In GallonDaily’s editor’s experience from more than 30 years of work on waste management issues, waste management is one of those issues, like hockey in Canada, where everyone considers themselves an expert. The suggestions brought forward by the audience covered the full range from banning polystyrene, putting a refundable deposit on all glass bottles or on all packaging, taxing homes according to the amount of waste generated, requiring retailers to take back all packaging, and asking the NZWC to ban the construction of an incinerator in Vancouver. One could see where the ideas were coming from but few if any of them were practical, politically viable, and economically sound whether for Canada or for the NZWC.

As almost everyone involved with public consultation, especially around waste management issues, will know, people frequently promote ideas that are based on an incomplete understanding of the facts. But the frustrating part of the GLOBE session was that no one on the panel or in the room attempted to explain why some of the ideas presented were not likely to fly. Thus the participants presenting these impractical ideas most likely went away feeling that they had made a contribution. When, in a matter of months, the NZWC announces its first workplan and none of these ideas are included, some of the activist participants will feel that they have been ignored. They will be angry and many will begin to promote their proposals even more aggressively. The panel led GallonDaily to two conclusions:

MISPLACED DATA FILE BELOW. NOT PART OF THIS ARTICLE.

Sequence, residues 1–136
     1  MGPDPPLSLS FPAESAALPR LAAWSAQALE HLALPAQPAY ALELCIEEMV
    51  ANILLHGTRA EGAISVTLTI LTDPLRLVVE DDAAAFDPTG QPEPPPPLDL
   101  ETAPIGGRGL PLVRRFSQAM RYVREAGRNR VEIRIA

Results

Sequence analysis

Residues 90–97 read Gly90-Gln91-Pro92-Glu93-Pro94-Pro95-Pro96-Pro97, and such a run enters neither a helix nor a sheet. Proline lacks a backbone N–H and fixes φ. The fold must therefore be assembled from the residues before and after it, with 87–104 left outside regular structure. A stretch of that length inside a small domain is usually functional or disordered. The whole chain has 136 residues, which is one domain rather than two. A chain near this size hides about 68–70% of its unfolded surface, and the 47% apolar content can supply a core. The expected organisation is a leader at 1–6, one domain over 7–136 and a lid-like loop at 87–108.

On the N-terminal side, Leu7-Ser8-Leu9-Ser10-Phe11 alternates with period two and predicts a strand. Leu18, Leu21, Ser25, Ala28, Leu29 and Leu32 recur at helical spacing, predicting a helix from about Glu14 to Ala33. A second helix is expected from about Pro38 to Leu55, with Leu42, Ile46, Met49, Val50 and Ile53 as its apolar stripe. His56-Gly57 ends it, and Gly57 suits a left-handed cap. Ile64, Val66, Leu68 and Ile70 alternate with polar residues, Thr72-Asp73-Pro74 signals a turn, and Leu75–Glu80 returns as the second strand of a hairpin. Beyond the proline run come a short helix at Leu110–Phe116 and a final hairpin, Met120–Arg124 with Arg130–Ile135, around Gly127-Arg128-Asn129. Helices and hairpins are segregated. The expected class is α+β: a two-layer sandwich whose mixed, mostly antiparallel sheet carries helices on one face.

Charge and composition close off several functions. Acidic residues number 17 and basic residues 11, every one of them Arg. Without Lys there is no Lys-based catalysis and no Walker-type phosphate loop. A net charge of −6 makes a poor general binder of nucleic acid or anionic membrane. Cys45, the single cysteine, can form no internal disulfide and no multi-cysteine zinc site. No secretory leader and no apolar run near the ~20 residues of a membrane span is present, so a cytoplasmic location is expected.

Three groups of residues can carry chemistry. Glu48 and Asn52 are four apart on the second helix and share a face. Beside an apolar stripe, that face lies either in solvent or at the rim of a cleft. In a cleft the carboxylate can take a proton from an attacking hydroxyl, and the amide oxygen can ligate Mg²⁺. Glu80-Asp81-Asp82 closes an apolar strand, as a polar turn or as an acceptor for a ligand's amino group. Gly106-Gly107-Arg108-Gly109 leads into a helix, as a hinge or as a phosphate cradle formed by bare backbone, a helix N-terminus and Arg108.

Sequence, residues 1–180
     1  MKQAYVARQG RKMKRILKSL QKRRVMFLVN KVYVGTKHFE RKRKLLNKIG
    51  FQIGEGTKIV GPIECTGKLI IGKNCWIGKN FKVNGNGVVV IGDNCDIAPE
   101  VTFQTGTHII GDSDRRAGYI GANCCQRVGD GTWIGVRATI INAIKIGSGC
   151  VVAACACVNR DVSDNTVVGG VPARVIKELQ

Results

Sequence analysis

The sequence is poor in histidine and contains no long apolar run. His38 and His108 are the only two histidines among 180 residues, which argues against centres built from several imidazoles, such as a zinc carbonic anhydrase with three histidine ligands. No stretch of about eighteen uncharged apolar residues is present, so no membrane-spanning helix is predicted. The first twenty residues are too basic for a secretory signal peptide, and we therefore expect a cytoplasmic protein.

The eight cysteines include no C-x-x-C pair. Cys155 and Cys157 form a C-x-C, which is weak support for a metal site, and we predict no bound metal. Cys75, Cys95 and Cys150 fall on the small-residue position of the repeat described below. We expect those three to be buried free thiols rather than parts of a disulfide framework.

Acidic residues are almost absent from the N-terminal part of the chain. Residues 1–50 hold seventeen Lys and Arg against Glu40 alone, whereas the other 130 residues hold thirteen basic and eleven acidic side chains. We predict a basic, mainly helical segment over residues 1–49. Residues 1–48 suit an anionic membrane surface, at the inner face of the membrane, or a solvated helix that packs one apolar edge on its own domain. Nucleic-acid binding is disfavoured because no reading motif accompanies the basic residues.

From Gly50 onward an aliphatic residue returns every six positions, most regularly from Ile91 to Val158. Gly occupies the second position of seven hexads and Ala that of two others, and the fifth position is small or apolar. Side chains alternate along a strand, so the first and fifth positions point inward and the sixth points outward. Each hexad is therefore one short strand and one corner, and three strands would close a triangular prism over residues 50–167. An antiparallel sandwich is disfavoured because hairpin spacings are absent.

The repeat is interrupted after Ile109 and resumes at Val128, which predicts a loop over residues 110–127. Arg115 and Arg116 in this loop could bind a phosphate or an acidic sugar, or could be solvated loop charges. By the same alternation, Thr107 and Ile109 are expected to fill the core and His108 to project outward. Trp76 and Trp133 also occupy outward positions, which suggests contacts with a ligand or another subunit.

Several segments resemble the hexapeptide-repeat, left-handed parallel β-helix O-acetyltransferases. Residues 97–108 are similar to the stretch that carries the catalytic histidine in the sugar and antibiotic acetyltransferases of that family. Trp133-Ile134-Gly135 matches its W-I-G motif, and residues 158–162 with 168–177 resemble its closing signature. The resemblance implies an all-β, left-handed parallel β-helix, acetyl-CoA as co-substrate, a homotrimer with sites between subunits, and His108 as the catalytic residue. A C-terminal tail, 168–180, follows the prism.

1. consultations of this nature should include experts who can respond immediately to suggestions coming from the public and can discuss the pros and cons of each idea in a way that increases understanding of the complexity of the topic and of the considerations that have to be taken into account when developing waste management policy; and
  2. the industry must recognize that public opinion is eager for waste reduction initiatives that may be quite harmful to industry and, in some cases, to the environment. Unless the Canadian packaging industries and commercial users of packaging ramp up their public education efforts, local and provincial governments, possibly also a future federal government, will start implementing policies based on suggestions coming from public meetings such as this.

In GallonDaily’s opinion, industry will only have itself to blame if packaging bans, taxes, levies, and take-back programs become mandatory.